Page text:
Turkish president signs amendment limiting controversial state slander law

[JURIST] Turkish President Abdullah Gul Wednesday signed an amendment into law restricting the controversial Article 301 [Amnesty backgrounder; JURIST news archive] of the country's penal code [text, in Turkish], which makes "insulting the Turkish identity" a crime. The amendment recharacterizes the crime of "insulting the Turkish identity" as insulting the "Turkish nation," reduces the maximum possible punishment from three years to two years in prison, and requires the approval of the justice minister for any Article 301 prosecution. The Grand National Assembly of Turkey [official website, in Turkish] approved the amendment [JURIST report] last month.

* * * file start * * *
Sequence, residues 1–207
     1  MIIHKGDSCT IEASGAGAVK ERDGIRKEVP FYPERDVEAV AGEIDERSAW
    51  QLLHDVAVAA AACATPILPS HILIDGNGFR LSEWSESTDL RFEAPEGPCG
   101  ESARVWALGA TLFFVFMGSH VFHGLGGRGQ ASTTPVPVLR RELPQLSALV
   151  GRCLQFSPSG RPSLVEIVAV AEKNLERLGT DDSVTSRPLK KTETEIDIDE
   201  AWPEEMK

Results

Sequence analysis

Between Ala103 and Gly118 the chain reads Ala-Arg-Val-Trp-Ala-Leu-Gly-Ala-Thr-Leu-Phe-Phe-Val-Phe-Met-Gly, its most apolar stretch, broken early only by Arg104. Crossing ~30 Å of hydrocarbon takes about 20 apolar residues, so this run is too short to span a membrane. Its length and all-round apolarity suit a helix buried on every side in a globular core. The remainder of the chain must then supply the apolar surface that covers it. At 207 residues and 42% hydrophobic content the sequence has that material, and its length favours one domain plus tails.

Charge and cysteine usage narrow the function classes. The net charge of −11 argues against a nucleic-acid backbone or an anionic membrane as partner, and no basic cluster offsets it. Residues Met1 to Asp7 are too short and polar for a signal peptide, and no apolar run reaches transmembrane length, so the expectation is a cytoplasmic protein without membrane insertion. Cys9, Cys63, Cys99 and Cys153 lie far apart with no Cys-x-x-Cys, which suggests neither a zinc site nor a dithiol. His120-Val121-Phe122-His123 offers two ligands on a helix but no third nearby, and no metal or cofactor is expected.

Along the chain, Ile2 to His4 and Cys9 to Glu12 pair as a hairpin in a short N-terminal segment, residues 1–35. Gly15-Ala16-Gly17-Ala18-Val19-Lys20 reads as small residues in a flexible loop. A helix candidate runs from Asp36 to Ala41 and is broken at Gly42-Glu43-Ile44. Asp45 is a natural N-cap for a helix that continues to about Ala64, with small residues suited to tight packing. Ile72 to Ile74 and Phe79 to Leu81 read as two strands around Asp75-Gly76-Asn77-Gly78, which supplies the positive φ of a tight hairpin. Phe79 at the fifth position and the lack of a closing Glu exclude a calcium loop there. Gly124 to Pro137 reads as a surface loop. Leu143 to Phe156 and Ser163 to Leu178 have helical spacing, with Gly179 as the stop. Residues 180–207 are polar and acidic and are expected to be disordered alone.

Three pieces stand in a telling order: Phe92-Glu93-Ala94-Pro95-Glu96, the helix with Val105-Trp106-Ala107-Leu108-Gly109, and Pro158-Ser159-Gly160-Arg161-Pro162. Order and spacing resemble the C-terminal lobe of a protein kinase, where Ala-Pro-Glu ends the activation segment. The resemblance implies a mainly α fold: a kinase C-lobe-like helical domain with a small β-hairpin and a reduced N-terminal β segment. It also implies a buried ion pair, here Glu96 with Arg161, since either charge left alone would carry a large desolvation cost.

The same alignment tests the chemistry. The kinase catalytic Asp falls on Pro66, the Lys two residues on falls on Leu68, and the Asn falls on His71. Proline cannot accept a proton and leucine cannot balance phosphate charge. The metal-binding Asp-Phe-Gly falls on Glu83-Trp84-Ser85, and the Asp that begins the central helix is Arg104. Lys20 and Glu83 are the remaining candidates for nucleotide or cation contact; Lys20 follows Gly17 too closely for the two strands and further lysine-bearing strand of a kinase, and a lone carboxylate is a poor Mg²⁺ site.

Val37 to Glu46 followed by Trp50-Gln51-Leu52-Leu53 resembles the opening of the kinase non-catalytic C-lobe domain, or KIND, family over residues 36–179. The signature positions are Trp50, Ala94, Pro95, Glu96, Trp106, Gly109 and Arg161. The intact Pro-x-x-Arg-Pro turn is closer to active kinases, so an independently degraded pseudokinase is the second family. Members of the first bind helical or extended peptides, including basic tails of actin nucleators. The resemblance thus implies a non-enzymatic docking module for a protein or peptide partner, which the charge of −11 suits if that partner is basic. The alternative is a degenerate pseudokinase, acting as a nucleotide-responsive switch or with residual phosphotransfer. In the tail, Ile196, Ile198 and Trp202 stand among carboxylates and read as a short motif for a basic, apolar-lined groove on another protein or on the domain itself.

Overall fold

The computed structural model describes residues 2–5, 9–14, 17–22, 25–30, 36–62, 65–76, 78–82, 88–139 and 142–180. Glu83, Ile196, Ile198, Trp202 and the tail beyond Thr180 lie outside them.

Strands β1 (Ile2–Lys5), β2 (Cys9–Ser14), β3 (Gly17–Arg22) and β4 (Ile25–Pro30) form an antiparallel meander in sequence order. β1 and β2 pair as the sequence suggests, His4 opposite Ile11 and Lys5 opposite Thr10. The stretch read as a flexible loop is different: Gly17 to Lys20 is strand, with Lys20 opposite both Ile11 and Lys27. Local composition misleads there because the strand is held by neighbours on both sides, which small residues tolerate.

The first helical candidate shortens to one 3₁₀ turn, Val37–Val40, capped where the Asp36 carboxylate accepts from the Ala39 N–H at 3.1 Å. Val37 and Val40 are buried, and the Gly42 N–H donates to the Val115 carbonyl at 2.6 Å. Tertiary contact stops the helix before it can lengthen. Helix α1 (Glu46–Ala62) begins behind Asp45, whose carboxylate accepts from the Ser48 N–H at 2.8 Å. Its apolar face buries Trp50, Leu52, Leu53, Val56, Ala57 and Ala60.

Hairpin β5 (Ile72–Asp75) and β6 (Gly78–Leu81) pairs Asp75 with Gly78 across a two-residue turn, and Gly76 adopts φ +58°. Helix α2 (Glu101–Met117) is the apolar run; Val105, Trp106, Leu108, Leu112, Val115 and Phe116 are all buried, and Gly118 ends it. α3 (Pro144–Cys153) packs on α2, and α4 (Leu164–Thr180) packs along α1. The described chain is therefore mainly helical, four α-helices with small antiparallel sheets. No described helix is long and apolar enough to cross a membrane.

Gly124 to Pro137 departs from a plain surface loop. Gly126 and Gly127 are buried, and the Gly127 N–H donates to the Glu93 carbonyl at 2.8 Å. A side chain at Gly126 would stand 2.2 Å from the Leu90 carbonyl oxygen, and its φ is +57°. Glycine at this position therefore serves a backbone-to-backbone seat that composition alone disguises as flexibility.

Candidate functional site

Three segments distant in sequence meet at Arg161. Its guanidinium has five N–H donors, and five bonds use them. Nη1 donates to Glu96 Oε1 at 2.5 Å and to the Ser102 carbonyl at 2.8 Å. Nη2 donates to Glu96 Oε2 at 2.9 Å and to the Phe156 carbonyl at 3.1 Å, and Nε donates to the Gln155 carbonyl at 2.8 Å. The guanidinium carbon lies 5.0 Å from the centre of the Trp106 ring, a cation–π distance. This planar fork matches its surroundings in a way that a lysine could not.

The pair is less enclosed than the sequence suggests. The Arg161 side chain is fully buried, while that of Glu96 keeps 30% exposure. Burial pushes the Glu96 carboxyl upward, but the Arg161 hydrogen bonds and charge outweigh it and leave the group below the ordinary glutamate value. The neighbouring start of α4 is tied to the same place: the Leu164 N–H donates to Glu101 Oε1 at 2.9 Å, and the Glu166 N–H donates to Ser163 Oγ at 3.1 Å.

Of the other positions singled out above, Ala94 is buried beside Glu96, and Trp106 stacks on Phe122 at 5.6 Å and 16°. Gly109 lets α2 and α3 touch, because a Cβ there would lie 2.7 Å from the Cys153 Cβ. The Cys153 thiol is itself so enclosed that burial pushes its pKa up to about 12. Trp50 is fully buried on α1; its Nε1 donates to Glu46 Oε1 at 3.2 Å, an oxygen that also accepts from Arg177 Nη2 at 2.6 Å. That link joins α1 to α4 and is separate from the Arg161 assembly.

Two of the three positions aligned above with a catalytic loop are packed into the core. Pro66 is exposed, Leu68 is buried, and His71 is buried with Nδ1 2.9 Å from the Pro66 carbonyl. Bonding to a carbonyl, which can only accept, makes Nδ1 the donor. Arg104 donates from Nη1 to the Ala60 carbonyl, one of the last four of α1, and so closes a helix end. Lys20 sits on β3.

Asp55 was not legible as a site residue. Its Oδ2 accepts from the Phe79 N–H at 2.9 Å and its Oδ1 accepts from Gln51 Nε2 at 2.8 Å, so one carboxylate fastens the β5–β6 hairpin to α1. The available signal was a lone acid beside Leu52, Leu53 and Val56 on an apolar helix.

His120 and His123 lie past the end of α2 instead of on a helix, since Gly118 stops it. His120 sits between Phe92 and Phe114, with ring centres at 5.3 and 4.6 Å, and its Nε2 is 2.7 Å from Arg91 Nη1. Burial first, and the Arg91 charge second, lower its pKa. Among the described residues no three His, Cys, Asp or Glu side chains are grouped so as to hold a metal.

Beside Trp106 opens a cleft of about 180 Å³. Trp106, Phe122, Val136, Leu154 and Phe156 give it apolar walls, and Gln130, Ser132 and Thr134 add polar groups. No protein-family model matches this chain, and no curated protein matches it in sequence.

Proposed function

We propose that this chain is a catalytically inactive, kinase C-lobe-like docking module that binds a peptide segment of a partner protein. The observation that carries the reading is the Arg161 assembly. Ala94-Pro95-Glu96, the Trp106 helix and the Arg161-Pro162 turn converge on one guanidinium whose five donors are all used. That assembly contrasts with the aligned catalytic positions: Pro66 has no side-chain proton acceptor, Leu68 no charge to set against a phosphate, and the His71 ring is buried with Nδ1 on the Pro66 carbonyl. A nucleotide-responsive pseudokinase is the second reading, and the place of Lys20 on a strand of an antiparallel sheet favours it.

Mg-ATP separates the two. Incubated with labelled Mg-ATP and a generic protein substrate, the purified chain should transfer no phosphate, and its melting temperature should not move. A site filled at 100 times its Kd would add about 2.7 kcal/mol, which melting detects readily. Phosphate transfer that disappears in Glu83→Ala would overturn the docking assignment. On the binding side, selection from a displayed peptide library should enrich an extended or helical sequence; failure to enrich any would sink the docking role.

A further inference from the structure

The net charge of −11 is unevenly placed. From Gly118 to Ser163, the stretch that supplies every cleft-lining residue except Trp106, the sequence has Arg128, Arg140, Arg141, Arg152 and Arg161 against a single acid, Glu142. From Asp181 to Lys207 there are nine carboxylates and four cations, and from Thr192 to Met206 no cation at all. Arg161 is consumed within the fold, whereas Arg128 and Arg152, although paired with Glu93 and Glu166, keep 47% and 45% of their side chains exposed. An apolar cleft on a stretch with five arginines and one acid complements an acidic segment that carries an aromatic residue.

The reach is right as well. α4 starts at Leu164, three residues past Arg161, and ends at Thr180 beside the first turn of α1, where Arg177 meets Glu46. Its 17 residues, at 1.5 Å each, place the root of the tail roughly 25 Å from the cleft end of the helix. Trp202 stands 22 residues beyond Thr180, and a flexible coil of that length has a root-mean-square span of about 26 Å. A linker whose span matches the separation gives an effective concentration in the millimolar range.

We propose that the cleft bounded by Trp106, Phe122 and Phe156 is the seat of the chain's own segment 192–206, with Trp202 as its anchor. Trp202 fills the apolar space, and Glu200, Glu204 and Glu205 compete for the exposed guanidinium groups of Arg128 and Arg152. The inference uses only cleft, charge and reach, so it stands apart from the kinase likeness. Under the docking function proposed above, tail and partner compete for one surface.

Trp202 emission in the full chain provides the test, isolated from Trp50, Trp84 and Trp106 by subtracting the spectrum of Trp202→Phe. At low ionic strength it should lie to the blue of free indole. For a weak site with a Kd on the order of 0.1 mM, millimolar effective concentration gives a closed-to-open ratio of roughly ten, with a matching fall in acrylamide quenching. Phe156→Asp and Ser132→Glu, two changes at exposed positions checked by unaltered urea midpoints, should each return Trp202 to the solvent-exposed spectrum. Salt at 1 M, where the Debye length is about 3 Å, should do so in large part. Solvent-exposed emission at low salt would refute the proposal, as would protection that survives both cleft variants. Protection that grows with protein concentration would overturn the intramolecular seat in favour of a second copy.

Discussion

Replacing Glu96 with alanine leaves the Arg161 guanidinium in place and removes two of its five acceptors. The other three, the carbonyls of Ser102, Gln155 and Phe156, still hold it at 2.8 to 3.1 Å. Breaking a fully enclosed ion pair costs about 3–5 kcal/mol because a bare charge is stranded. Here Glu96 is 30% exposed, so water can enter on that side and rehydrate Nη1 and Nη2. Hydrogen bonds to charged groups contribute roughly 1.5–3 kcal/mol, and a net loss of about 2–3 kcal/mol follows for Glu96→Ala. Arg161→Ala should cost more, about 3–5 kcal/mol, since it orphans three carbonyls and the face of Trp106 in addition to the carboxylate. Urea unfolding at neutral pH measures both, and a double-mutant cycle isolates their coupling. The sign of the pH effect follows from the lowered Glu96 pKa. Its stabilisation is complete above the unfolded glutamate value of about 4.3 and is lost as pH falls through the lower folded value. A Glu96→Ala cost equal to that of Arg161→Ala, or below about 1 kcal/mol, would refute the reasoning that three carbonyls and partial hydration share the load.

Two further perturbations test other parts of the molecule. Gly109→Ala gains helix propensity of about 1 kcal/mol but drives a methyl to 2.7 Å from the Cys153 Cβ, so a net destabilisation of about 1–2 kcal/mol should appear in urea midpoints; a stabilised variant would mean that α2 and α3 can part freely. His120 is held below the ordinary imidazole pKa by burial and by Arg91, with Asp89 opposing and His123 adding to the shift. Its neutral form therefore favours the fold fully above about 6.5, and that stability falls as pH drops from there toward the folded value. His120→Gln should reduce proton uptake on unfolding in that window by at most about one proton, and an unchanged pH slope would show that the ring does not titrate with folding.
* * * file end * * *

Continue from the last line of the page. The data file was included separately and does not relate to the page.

Many prominent Turkish journalists, authors, and academics have been tried for insulting "Turkishness" [JURIST report] under Article 301. Critics have accused Turkey of using the law to silence government critics, making it a major stumbling block [JURIST report] to Turkey's accession to the European Union. AFP has more.

 

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